In these days of ubiquitous, non-stop media and information you would think that there were few secrets anywhere left to reveal, but when it comes to Chatham there remain a surprising number of facts and idiosyncrasies that, over the years, have remained obscure. Secret Chatham is a journey through the past of this former Royal Dockyard home, unearthing many fascinating and little-known details about the Medway town that will entertain, inform and horrify visitors as well as its current inhabitants in equal measure, many of whom probably thought they knew it all. The book gives a unique perspective on the many less-obvious aspects of Chatham's history and will go a long way to explaining why today's town is as it is, and how it may develop in the future.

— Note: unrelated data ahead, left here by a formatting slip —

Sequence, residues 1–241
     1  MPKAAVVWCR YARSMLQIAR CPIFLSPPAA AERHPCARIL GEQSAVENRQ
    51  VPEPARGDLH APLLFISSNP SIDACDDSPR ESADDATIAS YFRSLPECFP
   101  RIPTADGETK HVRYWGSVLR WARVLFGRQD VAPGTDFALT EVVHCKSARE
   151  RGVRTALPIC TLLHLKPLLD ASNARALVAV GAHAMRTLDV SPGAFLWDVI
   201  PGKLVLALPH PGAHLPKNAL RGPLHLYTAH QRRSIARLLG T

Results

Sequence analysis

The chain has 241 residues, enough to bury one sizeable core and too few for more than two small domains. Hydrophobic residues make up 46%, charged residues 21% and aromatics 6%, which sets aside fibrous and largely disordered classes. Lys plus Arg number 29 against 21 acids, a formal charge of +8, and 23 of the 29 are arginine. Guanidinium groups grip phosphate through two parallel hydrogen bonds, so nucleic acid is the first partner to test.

Philip MacDougall writes books for Amberley on southern England, but with a particular interest in the military and naval complexes that arose in and around South Hampshire (especially Portsmouth), coastal Sussex (especially Chichester) and Kent (especially Medway). As a social historian, he is interested in the people and the resources of those areas and the support provided for each of those military complexes. Possibly that interest was first sparked by having a distant ancestor who served as Nelson's secretary during the 1790s and who first joined the future Admiral at the Great Nore anchorage and which lies off North Kent. As well as the author of a number of published books, Philip has contributed biographical material on selected naval officers for the widely-acclaimed Dictionary of National Biography. A speaker at events, both local and national, he offers a wide-range of talks connected with the books he has written.